God’s love, per this great sermon, is conditional. Elder Nelson goes into the commentary about the conditional nature of God and his love for his children. The plan of salvation you cited, for instance, is conditional. It allocates some to never see the face of the father ever again and others to be eternal angels and a select few to exaltation. As Jesus properly taught “straight is the way and narrow the gate that leads to eternal life (exaltation); but broad is the way to damnation”

    Actions do matter. No matter how much we love God or others, or how much God loves us; our actions do determine our destiny. It is a conditional arrangement.

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  2. Brett on September 5, 2013 at 5:13 PM

    I’m sure her intentions were good. I was raised this way and spiritual damaging is right. Now, in my thirties I still struggle with excessive worry and guilt over the dumbest little sins. That’s how my perfect earthly father raised me. His works many times came before his own family as he works his way into heaven. The way I see it I’m eternally sealed to him and since he’s perfect, I’m sure he will help me get into heaven. Not sure i want to be tied to him eternally, but,…. All kidding aside, our salvation depends on Christ and us individually. It’s our joy that will be great if that one soul we bring to him is us, not everyone else. Does it really profit us to bring 1,000 souls to him but forget our own? Grateful for repentance and Moses’ reminder to us of our nothingness.

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  3. nate on September 5, 2013 at 5:22 PM

    I also remember the “God’s love is conditional” also caused quite an uproar. Husband and wife seem to be on the same page.

    But I think this post is misguided. Yes, it is true that “Not Even Once” presents a completely works based theology. This is obviously incomplete. But it is not evil or Satanic. Rather, it presents the Law. It is the very definition of the Law that one must commit NEVER to break it. It is only by understanding how serious disobedience is, that forgiveness can be appreciated. Forgiveness must not be taken for granted, and that starts with a correct understanding of The Law, and The Law says, “Don’t commit sin, Not Even Once.”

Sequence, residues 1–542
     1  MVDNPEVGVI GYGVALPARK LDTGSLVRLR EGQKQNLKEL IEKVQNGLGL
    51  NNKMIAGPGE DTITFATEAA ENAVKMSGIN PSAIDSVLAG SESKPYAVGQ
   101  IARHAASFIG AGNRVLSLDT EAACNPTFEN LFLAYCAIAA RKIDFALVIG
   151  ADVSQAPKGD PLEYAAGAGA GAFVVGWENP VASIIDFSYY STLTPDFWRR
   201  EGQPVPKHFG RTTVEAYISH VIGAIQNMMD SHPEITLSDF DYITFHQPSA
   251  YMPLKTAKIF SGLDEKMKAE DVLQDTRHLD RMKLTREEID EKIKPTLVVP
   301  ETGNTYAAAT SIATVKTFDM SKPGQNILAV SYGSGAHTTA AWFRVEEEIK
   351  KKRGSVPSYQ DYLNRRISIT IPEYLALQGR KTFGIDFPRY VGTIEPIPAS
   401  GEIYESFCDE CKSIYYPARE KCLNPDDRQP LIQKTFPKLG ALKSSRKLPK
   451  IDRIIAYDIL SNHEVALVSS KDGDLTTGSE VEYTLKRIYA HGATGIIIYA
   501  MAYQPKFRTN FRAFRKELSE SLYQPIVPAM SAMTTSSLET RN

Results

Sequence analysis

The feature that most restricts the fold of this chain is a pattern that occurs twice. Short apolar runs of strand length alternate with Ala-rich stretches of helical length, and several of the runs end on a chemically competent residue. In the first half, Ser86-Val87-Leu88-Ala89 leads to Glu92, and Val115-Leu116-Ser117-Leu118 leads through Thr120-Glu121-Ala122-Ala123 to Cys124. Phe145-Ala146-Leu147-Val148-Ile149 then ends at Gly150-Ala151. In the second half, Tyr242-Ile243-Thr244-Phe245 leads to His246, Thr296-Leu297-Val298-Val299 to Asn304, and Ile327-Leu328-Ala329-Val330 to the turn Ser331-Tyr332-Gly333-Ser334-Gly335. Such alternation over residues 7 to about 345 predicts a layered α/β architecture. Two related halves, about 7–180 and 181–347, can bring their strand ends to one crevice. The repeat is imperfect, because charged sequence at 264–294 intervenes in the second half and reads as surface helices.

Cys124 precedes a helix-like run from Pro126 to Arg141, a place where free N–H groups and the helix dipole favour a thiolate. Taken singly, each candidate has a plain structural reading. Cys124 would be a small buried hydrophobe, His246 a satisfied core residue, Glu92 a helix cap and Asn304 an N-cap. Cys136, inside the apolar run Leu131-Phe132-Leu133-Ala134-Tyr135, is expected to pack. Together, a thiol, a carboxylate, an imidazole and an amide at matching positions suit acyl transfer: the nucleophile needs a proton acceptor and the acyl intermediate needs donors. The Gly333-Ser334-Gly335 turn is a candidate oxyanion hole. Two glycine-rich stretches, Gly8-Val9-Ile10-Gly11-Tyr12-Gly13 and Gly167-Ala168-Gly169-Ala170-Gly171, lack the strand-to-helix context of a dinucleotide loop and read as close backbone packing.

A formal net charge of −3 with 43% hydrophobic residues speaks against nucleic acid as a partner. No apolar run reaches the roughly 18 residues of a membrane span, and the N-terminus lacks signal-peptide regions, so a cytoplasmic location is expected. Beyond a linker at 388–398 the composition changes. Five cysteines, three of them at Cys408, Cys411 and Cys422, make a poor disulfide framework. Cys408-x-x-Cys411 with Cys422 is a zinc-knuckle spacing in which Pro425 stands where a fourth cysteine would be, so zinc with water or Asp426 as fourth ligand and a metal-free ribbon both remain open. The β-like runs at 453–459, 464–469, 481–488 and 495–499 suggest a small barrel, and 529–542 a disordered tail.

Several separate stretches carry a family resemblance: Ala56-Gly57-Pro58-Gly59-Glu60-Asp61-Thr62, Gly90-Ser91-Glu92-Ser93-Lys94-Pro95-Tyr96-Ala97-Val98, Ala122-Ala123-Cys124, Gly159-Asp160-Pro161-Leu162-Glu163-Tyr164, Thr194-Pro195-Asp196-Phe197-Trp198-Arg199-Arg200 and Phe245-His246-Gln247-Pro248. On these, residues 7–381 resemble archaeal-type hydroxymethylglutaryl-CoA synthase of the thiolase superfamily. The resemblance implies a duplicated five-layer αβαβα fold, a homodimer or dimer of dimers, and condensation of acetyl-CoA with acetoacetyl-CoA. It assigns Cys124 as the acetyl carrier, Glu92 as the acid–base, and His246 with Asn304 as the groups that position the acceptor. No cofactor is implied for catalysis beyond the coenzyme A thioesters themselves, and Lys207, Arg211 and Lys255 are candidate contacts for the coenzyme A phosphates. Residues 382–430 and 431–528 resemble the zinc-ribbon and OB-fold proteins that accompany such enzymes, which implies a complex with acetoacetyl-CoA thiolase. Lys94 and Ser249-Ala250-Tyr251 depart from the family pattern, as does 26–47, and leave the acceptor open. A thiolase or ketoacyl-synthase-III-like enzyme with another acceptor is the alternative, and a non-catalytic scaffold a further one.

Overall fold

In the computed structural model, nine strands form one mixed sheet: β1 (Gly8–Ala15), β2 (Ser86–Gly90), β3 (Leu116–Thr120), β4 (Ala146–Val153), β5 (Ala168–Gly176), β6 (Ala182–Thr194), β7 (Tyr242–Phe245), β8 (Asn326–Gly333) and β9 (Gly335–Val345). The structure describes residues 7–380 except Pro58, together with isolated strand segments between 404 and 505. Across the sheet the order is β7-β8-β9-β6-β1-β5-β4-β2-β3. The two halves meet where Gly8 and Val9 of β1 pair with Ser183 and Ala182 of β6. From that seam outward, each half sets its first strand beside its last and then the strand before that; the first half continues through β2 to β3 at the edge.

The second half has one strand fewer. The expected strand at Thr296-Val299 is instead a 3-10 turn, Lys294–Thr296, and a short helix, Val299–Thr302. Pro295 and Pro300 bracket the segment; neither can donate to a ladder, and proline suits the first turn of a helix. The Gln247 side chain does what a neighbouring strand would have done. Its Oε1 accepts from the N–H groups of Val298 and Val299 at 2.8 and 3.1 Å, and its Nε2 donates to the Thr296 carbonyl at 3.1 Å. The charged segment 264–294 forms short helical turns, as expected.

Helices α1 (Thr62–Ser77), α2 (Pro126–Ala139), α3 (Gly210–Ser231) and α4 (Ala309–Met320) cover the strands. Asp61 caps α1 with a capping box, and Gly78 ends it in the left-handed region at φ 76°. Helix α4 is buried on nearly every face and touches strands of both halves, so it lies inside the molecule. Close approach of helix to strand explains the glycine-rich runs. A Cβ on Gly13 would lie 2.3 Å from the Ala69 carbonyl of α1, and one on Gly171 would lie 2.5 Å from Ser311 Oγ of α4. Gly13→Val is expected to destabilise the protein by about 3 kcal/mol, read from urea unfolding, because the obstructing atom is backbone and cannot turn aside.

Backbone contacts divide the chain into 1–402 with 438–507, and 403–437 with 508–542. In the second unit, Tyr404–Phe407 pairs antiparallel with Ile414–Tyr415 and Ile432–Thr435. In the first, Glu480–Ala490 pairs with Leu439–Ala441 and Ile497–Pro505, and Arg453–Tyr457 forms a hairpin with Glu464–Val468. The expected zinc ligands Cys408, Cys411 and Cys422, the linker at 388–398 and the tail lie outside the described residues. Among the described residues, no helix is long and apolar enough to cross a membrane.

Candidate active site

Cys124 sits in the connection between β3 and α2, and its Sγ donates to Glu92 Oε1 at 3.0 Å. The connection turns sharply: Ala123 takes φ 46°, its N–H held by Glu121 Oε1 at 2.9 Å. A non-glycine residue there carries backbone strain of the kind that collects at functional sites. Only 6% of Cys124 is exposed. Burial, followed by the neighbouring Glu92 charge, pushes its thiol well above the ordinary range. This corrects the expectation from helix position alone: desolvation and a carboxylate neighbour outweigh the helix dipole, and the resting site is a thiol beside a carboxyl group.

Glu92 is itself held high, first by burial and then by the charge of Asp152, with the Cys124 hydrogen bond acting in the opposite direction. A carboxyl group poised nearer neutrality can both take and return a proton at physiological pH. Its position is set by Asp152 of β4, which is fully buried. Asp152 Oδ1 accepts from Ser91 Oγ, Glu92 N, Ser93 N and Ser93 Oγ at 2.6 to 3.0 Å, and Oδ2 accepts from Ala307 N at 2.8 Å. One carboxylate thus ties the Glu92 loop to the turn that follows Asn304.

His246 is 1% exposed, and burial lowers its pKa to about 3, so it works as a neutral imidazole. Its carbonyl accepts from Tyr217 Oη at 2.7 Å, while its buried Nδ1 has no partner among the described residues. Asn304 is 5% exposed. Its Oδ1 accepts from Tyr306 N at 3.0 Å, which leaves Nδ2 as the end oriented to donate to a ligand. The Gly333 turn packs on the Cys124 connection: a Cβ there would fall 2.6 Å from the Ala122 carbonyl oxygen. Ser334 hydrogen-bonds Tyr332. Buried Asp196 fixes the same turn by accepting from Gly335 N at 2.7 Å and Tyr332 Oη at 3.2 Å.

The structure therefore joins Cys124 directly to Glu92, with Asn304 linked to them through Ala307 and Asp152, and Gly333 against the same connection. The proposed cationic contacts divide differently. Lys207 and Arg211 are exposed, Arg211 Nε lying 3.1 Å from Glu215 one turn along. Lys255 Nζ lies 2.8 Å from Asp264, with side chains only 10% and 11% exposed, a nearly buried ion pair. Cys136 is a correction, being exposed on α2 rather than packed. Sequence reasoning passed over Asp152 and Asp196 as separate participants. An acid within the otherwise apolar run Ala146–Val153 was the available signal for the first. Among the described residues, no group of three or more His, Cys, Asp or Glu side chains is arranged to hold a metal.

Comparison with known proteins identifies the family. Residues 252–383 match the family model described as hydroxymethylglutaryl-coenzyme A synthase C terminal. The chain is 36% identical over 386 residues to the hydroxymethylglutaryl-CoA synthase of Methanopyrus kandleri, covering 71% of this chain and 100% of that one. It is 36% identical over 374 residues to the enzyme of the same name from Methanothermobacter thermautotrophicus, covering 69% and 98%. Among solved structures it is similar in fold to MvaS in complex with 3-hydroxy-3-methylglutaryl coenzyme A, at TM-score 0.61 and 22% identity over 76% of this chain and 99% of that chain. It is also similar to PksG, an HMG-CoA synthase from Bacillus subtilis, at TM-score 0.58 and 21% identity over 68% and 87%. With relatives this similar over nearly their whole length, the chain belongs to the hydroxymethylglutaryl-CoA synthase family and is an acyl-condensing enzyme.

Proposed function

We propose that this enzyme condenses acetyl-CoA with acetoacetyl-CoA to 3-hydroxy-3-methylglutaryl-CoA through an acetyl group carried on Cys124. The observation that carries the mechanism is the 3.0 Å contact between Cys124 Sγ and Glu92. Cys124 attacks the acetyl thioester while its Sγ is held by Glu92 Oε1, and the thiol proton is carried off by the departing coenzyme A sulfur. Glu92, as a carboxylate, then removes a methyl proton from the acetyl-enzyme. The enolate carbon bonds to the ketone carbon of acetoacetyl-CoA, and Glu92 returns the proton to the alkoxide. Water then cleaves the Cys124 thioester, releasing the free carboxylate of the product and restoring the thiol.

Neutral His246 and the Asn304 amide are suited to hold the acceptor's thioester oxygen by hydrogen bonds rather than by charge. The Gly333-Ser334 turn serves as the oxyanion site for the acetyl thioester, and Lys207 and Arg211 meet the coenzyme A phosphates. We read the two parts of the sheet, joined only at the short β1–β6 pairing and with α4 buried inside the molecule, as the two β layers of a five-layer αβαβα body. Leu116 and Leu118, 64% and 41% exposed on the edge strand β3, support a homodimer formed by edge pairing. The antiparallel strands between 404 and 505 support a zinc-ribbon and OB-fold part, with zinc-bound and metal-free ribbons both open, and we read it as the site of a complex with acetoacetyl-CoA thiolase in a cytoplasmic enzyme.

Children who understand The Law will grow to love and understand grace, because they will break the Law, and be broken by it. That will be the sequel to “Not Even Once.” But for there to be a sequel, there has to be a prequel, and that is a correct understanding of Law. The book is the Law of Moses for children, the Ten Commandments, screaming: Thou Shalt Not. It’s not Pharisaical. It’s simple. It’s God telling Eve, “Don’t eat the fruit! Not even once!” God didn’t explain anything about the atonement until after the Fall.

    Wendy Watson is setting up these children for failure, which is exactly what all good parents do, and what God does. Let them fall, and then let them learn of grace.

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  4. Martin on September 5, 2013 at 6:38 PM

    “As it turns out, mistakes are not only inevitable but are necessary for growth”

    Really? Inevitable, but necessary? I don’t see evidence for that position. Did Jesus need to screw up to grow? Or did he not need to grow?

    I personally reject the notion that Adam had to disobey God for God’s plan to work. I think God simply knew it was going to happen, and He worked it into the plan.

    It’s ridiculous to me to suggest that sin makes us better. I also don’t think anyone can really appreciate Jesus until she truly understands that no unclean thing can enter the kingdom of God, and that nobody incapable of living celestial law can inherit celestial glory.